Saturday, 23 April 2016

The Moon Is A Harsh Mistress - Robert A. Heinlein

I had been meaning to check out the work of Robert A. Heinlein for a while, but was a little unsure where to begin. Well, I took the plunge by checking out The Moon Is A Harsh Mistress, first published in 1966.

Basically, the novel is set in the latter part of the 21st century.  The Moon has been turned into a penal colony, to where Earth's convicts and "undesirables" are transported. A group of revolutionaries, with the help of a "self-aware" computer, seek to overthrow the authority of "Terra" in the lunar colony.

The story is narrated by one of the main characters, Mannie, and he employs a curious Lunar dialect, which may take the reader a little while to become accustomed to. However, once this minor issue is overcome, the book will absorb and captivate.

Only a short way into The Moon Is A Harsh Mistress, I found myself rooting for the characters and their aspirations, even if their methods were sometimes questionable. I had emotionally invested in their fate and their destiny.  A diverse bunch, and this engendered some friction, and a strange chemistry.

The scientific and technical aspects of the story were for me secondary in importance, although I am not sure that by 2075 computers will have advanced to the degree envisaged here. To be frank, I'm not sure that I would want them to, either.  In truth, I usually reverted to "auto-pilot" mode when elaborate telephone systems and the vagaries of "Mike" the computer were being discussed.

I was impressed by the way in which justification for the Lunar revolt was presented, not just in "abstract" matters of freedom and self-determination, but by bringing ecological issues, economic liberalization and free trade into the equation. This demonstrated a real confidence on the part of the writer,  and added depth and credibility to the story.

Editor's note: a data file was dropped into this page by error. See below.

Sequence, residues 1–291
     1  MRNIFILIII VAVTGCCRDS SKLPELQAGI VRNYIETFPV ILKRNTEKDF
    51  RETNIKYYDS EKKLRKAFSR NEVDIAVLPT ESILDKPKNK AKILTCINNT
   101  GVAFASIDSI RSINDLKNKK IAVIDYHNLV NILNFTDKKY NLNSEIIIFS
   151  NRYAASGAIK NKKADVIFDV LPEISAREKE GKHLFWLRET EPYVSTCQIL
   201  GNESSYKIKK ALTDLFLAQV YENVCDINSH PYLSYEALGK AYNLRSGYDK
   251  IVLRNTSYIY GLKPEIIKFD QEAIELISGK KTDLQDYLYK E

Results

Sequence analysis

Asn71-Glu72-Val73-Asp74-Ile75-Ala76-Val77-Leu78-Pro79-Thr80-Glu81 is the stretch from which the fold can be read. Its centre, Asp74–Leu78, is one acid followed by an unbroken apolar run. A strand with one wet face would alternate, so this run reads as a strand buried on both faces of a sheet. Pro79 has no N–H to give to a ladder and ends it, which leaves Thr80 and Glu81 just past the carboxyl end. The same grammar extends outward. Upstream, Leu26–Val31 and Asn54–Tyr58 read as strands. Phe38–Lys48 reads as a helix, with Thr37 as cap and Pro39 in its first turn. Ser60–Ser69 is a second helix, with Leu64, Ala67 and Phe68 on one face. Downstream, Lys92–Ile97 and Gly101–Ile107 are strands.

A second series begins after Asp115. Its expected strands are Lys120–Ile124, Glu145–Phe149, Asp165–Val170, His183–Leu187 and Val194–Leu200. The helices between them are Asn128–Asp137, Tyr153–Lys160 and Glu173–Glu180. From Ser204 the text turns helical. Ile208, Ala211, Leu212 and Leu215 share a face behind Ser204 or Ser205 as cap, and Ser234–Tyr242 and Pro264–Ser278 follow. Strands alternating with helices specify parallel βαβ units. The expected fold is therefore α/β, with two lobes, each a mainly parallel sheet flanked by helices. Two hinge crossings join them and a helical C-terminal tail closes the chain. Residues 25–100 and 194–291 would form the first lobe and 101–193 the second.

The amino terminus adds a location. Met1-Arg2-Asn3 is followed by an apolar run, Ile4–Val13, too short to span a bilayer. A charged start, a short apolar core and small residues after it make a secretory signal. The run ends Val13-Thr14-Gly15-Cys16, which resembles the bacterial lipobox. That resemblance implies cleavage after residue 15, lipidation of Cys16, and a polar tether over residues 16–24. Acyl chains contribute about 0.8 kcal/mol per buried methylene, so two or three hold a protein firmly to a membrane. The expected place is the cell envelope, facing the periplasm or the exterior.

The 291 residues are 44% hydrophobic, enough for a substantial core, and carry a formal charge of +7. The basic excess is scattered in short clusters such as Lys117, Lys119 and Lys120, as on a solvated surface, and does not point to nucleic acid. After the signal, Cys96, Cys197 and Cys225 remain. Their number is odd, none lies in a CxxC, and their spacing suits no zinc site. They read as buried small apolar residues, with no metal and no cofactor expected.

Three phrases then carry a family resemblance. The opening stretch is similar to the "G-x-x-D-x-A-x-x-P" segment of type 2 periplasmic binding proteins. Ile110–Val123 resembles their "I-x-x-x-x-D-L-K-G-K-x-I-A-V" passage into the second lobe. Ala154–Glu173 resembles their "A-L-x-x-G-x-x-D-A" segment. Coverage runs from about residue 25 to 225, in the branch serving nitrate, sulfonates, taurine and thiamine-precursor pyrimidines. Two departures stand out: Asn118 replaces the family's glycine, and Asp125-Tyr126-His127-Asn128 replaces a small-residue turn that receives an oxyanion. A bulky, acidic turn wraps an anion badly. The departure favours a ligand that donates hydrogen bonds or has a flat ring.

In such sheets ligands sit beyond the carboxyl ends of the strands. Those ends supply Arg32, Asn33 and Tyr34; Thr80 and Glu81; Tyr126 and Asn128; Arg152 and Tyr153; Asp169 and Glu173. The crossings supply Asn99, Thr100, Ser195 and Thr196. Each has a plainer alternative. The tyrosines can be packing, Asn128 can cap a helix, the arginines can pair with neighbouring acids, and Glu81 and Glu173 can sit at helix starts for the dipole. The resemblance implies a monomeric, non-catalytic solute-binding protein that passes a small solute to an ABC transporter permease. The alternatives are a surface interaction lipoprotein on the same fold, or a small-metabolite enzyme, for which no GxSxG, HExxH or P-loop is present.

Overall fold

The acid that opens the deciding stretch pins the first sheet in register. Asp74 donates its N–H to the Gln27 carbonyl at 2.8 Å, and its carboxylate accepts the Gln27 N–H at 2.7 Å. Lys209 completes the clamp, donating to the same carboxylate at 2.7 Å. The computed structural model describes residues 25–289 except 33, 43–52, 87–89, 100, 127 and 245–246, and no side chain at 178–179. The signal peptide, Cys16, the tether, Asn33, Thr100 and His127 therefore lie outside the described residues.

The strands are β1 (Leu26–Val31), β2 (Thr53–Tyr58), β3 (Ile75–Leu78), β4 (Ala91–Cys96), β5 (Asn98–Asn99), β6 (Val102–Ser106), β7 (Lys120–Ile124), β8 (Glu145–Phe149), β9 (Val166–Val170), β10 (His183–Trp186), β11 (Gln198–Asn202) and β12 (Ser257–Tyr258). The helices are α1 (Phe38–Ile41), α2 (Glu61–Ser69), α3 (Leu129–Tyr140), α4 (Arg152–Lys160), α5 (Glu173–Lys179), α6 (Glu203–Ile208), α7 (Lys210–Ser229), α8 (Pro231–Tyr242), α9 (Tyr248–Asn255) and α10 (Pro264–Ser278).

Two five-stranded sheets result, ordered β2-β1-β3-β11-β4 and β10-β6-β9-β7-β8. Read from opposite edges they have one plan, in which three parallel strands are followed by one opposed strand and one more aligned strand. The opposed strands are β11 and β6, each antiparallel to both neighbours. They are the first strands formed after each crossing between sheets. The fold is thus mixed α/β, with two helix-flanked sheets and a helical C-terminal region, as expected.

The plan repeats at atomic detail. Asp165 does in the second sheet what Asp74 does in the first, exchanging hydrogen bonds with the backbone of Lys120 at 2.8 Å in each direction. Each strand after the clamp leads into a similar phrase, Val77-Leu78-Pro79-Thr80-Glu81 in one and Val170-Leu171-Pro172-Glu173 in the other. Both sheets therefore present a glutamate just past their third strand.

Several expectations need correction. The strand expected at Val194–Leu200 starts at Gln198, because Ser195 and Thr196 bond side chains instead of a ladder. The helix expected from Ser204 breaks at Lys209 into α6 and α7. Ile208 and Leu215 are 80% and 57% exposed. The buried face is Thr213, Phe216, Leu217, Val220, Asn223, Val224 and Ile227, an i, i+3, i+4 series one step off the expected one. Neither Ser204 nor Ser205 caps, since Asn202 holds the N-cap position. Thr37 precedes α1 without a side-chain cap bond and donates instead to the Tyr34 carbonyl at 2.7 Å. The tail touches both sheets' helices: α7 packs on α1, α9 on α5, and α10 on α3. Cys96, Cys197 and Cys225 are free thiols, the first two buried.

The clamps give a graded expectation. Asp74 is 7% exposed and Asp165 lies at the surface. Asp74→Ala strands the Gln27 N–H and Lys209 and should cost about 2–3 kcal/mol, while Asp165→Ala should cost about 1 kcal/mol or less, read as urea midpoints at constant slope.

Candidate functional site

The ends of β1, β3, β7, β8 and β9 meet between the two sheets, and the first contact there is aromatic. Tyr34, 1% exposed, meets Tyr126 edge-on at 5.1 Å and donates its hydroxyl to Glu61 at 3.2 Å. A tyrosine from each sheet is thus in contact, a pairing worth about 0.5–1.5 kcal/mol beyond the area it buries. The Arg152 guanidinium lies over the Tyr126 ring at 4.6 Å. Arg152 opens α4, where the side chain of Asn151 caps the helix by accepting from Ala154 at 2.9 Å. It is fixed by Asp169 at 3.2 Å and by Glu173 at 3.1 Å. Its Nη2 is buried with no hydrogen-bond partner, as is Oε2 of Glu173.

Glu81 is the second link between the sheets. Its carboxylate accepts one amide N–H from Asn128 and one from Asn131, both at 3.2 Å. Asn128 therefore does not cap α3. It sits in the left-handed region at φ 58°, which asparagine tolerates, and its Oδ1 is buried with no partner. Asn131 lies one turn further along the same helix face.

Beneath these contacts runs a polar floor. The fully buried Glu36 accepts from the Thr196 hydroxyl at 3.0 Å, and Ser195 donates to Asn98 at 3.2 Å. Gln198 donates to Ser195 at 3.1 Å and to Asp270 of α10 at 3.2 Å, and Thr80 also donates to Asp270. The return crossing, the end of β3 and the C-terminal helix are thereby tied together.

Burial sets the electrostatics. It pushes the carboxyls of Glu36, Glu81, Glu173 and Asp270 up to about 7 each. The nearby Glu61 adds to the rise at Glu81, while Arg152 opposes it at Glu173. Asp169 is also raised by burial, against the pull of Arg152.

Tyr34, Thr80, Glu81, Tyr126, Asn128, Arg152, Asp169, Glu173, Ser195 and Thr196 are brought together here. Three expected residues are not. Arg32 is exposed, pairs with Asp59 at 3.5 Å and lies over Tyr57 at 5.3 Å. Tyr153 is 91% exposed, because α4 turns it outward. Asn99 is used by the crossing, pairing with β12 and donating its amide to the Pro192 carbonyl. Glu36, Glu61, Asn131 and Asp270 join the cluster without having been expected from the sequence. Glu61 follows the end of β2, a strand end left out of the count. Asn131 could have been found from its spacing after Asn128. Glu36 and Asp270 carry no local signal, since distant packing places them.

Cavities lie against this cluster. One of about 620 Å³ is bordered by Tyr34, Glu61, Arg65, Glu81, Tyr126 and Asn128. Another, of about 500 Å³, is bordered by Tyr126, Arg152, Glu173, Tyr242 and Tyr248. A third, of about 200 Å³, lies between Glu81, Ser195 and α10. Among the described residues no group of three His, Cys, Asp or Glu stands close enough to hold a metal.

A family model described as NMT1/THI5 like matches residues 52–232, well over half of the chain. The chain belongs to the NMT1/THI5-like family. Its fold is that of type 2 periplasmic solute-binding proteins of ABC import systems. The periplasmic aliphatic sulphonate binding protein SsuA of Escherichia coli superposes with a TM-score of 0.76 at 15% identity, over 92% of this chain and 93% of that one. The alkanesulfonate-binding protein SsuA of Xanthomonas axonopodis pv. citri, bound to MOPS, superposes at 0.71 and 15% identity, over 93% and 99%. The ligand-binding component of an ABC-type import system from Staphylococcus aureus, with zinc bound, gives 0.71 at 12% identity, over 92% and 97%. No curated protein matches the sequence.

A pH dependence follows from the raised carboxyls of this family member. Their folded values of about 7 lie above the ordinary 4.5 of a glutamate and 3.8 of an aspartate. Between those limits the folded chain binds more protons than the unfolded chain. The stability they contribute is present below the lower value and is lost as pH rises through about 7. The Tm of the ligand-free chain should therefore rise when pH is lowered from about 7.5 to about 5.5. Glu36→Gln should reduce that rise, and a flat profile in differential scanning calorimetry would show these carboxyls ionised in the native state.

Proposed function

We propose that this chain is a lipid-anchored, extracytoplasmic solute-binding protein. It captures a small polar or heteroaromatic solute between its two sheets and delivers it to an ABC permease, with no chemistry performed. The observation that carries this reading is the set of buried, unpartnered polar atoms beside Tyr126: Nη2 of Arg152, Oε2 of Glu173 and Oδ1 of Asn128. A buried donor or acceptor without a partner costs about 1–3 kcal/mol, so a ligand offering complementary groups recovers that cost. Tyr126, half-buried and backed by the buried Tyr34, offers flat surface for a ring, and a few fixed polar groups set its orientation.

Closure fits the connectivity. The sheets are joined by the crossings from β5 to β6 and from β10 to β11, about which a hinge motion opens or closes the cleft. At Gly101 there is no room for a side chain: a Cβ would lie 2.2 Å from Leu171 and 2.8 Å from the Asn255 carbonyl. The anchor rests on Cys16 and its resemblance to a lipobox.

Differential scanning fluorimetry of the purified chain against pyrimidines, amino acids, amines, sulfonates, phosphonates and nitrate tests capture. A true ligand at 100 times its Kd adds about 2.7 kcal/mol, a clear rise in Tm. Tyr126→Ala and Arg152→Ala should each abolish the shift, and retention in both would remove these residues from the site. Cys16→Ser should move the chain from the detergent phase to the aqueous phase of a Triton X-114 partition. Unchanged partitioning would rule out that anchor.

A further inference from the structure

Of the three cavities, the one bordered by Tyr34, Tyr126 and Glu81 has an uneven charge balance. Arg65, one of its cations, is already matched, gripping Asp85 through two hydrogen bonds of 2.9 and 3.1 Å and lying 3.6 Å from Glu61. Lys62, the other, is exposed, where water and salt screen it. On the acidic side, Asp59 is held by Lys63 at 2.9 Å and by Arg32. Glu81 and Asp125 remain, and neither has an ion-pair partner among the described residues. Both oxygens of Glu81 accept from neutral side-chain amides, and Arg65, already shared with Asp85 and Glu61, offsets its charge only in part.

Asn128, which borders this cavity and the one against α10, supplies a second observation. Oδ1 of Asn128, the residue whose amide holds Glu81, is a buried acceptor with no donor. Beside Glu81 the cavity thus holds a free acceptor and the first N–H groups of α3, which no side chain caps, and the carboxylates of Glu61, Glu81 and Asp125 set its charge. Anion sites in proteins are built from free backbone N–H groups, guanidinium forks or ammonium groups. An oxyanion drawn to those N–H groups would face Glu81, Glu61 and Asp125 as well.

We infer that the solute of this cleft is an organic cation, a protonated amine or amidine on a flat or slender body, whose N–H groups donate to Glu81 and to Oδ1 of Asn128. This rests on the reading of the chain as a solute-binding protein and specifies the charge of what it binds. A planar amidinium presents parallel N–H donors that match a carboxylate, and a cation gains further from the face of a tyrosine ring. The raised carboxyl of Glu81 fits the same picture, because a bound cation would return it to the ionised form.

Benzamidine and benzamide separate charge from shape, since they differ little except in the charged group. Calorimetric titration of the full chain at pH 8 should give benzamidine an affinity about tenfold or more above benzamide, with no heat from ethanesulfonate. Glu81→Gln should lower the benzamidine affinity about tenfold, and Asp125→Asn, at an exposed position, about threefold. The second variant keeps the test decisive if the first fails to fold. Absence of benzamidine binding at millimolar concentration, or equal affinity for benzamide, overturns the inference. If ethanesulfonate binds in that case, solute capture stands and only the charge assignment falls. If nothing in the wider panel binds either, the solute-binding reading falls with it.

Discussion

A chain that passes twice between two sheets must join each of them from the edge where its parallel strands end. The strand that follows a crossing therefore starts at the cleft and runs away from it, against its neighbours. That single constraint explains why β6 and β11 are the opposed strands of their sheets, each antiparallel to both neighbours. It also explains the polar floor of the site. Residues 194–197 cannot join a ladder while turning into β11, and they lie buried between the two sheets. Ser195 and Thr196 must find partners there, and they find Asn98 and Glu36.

Much of the nitty-gritty of how the revolt was organized is not presented in exhaustive detail, and the reader is invited to use his or her imagination, and to read between the lines. From this perspective, the novel does require concentration and open-mindedness, to grasp the rationale and implications of some of the deceptions which are committed by the "revolutionists", for example. A similar approach may be necessary when comprehending the social structures and customs which are shown to have evolved on Luna.

This book has a reputation as a "libertarian" novel,  although I think that conspicuous "preaching" on ideological matters is kept to a minimum.  Rather than being obtrusive, such things are generally woven quite seamlessly into the text, and at appropriate points.

The climax to the novel I found truly gripping, largely because, as mentioned above, I had been drawn in by the characters and the subject matter, and the outcome mattered to me.  The moral questions posed by the story line are not straightforward;they are awkward but timelessly pertinent. My curiosity and my senses had been animated, a good barometer, I find, for how worthy and substantial a work of fiction is.

The Moon Is A Harsh Mistress is well worth a read, and not just for dedicated science-fiction fans.

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